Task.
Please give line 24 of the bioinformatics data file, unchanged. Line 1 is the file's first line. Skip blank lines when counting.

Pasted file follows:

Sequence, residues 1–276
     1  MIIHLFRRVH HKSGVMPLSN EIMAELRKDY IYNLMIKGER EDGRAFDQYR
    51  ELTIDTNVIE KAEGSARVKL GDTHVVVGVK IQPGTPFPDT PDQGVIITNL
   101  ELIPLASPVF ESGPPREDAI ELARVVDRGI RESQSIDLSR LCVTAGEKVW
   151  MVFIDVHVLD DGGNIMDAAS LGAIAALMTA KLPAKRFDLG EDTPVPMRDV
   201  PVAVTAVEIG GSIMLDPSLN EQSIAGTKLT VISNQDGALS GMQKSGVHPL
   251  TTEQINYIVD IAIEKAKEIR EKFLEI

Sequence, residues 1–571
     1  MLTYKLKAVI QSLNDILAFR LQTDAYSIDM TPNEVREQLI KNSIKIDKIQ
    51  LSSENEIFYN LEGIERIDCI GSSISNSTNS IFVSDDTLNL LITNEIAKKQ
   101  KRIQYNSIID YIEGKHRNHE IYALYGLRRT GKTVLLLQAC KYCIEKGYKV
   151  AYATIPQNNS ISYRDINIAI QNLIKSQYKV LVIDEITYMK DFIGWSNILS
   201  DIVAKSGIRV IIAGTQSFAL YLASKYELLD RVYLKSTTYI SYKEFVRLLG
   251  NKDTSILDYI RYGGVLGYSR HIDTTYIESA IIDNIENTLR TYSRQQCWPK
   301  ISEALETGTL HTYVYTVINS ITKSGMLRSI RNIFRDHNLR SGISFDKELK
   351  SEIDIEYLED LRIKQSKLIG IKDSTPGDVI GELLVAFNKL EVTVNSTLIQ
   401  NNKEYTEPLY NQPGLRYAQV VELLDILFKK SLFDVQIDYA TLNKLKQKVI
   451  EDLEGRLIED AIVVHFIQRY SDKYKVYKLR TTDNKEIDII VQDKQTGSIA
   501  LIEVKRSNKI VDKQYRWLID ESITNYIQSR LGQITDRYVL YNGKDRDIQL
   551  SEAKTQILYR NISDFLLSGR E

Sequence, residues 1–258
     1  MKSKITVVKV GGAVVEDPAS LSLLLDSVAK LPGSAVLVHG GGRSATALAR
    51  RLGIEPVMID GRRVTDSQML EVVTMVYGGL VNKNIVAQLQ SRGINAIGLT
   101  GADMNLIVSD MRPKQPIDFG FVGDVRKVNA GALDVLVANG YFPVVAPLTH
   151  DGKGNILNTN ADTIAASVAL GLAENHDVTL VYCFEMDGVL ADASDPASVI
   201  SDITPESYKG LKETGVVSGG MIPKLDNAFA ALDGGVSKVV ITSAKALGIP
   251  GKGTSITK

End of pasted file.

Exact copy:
   101  GADMNLIVSD MRPKQPIDFG FVGDVRKVNA GALDVLVANG YFPVVAPLTH